Joseph Daniel Scarpello, 95, of Northeast Philadelphia, a distinguished World War II veteran and Philadelphia Recreation Department leader, died at home of natural causes Wednesday, Dec. 21.
As a city official for 30 years, Mr. Scarpello ran some of the city's largest playgrounds and recreation centers, and he started annual summer trips for city youth to Dorney Park.
During World War II, he was an officer and naval aviator aboard the cruiser San Jacinto in the Sea of Japan from April 1945 until the end of the war. One of his duties was flying dirigibles.
His unit's heroics from May 19, 1944, to Aug. 15, 1945, earned him a presidential citation, with the right to wear a bronze star and ribbon bar.
"Operating continuously in the most forward areas, the USS San Jacinto and her forward air groups struck crushing blows toward annihilating Japanese fighting power," read a commendation signed in 1946 by then naval secretary James Forrestal.
Further, Forrestal wrote, the San Jacinto provided air cover for amphibious forces, destroyed enemy planes, and inflicted "terrible losses" on Japanese ships.
Born and raised in the Germantown section of Philadelphia, Mr. Scarpello graduated from Germantown High School in 1934. He graduated from Pennsylvania State College in 1938 and attended the University of Pennsylvania Law School before enlisting in the U.S. Navy in 1940.
He rose to the rank of lieutenant commander, serving as an aviator and communications officer aboard various Navy destroyers and aircraft carriers.
While aboard the San Jacinto in the Pacific Theater, he came to know the future President George H.W. Bush.
"Dad was extremely proud to have served on the USS San Jacinto and to have President Bush as a crewmate," said his oldest son, Joseph.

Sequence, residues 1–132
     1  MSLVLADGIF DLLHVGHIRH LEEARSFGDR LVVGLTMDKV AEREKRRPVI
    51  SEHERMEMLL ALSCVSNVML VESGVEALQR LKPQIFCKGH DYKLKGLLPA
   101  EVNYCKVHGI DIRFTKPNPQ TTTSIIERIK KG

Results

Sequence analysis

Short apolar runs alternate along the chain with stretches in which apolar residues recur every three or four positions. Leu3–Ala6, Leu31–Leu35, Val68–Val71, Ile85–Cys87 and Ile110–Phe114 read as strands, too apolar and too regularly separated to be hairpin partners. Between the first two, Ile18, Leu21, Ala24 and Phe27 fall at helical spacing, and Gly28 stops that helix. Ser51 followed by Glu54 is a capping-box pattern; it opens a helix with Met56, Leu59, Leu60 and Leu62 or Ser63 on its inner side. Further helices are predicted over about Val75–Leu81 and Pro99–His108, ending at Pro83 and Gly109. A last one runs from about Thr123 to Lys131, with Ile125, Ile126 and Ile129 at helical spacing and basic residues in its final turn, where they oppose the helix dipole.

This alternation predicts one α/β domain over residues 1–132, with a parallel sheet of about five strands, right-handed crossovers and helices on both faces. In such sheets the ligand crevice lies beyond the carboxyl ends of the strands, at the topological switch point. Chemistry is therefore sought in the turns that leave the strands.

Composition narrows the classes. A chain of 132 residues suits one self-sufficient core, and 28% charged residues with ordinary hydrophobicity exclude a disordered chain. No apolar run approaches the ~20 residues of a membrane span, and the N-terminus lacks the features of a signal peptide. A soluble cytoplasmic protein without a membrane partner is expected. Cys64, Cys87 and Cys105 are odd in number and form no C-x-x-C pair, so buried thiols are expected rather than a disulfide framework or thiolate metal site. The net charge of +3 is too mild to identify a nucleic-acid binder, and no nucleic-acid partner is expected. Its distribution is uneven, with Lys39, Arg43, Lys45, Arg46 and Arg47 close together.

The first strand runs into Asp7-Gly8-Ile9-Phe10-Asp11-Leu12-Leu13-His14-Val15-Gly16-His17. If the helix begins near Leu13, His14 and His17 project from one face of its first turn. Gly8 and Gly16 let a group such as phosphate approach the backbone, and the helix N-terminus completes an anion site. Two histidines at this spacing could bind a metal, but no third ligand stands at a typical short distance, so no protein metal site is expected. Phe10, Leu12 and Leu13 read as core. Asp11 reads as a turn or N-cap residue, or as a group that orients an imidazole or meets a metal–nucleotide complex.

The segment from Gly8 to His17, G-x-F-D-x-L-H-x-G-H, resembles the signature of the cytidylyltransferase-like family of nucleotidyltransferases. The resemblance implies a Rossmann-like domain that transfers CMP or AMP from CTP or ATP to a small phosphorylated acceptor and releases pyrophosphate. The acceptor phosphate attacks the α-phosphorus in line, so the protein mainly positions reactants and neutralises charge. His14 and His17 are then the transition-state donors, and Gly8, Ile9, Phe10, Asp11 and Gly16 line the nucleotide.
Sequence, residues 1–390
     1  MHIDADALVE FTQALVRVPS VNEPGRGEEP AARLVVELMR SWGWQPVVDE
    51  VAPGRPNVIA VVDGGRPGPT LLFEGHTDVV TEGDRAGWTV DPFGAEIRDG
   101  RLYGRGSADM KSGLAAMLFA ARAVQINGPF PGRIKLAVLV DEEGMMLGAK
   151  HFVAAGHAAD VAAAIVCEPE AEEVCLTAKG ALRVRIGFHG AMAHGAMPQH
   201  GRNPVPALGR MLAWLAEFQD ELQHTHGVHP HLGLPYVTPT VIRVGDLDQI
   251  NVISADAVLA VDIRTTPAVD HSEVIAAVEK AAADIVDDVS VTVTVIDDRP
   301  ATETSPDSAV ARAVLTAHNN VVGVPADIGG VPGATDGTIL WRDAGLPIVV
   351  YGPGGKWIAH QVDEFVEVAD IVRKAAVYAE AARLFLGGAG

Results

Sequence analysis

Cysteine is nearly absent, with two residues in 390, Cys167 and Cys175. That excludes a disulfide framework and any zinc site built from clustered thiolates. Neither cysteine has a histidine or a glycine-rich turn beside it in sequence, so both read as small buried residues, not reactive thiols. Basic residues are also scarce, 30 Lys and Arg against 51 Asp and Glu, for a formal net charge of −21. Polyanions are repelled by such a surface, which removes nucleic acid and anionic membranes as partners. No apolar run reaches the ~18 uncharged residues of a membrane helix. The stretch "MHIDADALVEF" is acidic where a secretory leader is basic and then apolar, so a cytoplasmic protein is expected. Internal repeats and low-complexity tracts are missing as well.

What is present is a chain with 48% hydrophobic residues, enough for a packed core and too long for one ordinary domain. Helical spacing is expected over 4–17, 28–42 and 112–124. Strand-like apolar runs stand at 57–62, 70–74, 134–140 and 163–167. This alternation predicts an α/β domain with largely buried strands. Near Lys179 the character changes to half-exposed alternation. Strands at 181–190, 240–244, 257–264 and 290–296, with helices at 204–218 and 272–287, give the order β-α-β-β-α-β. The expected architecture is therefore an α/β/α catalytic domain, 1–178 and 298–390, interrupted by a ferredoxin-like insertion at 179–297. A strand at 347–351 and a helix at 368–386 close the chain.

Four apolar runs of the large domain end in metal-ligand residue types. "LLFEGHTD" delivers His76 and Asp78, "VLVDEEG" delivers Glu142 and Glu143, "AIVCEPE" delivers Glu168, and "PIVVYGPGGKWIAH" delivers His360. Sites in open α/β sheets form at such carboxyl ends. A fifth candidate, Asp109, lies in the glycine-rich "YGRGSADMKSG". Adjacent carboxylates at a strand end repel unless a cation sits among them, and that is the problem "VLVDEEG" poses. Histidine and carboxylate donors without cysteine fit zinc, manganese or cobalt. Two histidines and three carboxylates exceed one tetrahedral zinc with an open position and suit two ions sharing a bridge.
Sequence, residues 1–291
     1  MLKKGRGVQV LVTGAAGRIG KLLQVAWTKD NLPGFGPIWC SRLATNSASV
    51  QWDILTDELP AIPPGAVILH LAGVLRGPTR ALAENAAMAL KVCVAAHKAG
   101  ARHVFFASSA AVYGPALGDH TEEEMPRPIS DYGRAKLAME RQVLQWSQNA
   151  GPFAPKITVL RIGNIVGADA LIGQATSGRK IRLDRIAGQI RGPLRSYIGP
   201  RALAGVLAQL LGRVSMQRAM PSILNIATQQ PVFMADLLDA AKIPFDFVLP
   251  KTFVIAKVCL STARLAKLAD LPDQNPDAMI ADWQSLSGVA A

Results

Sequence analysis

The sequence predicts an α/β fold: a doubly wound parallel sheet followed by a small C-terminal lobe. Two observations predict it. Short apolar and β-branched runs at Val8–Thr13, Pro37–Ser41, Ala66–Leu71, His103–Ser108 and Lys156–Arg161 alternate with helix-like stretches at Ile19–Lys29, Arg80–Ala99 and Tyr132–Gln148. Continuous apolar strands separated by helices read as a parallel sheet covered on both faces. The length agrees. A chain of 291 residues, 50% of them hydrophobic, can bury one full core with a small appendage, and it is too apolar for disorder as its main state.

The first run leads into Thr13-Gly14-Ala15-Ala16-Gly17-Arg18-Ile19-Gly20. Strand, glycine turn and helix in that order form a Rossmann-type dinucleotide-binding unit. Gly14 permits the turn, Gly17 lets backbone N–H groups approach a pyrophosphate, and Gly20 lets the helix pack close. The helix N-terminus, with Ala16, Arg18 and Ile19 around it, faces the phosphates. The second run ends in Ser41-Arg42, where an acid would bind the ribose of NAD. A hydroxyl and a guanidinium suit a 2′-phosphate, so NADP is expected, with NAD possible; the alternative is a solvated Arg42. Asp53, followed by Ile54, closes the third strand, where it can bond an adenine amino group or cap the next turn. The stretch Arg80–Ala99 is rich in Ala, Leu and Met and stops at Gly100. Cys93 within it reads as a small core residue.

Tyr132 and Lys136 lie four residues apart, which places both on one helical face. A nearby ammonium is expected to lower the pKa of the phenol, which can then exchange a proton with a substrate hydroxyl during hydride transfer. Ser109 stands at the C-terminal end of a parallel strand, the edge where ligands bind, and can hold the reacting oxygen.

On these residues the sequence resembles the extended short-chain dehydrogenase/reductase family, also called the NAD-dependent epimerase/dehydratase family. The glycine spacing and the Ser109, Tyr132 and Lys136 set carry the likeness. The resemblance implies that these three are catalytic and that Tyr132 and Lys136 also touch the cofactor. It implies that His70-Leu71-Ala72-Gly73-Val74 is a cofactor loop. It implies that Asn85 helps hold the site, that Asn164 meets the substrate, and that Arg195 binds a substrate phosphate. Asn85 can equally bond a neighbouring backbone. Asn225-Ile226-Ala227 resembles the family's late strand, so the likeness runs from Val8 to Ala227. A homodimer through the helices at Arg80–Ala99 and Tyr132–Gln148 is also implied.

Mr. Scarpello earned the right to wear ribbons signifying service in the America Area, European, and Asiatic-Pacific Theaters. He was honorably discharged in 1954 after serving in the naval reserves.
In 1947, Mr. Scarpello enrolled in the Granoff School of Music at 21st and Chestnut Streets, where he studied piano, graduating in 1950. He led the Townsmen, a five-piece band that played in the Philadelphia area from 1950 to 1958.
At age 41, Mr. Scarpello met Mary Ann Coleman, 20, who had gone to hear him play. They were married 53 years. The couple had 11 children.
One son, Justin, died young of complications arising from cerebral palsy, and Mr. Scarpello inspired an annual golf outing in his memory.
Mr. Scarpello was a district supervisor with Philadelphia's Department of Recreation for 30 years ending in 1978. On retiring, Mayor Frank Rizzo praised him as "a credit to the city."
In later years, Mr. Scarpello played the piano to entertain seniors at recreation and community centers and nursing homes. At 85, he recorded a CD of his greatest piano hits titled No Ordinary Joe.
"Dad loved being around family and friends, enjoyed our large family dinners, entertained us with his piano playing, and was an incredible storyteller - especially his war stories," said his youngest son, Jeremy.
Surviving, besides his wife and two sons, are seven other sons, John, James, Jeffrey, Jerome, Jude, Jason, and Joshua; a daughter, Janine Scarpello DiGioacchino; and a sister, Evelyn Ventresca. Eighteen grandchildren also survive.
A viewing will be held from 4 to 7 p.m. Monday, Dec. 26, at the L.A. DiGiacomo Inc. Funeral Home, 1055 Southampton Rd., Philadelphia. A Funeral Mass will be said at 12:15 p.m. Tuesday, Dec. 27, at Our Lady of Good Counsel Church, 611 Knowles Ave., Southampton, Pa. A burial with full military honors will follow at Washington Crossing National Cemetery.
Donations may be made to the Justin Scarpello Memorial Fund, c/o United Cerebral Palsy of Greater Philadelphia, 102 E. Mermaid Lane, Philadelphia 19118.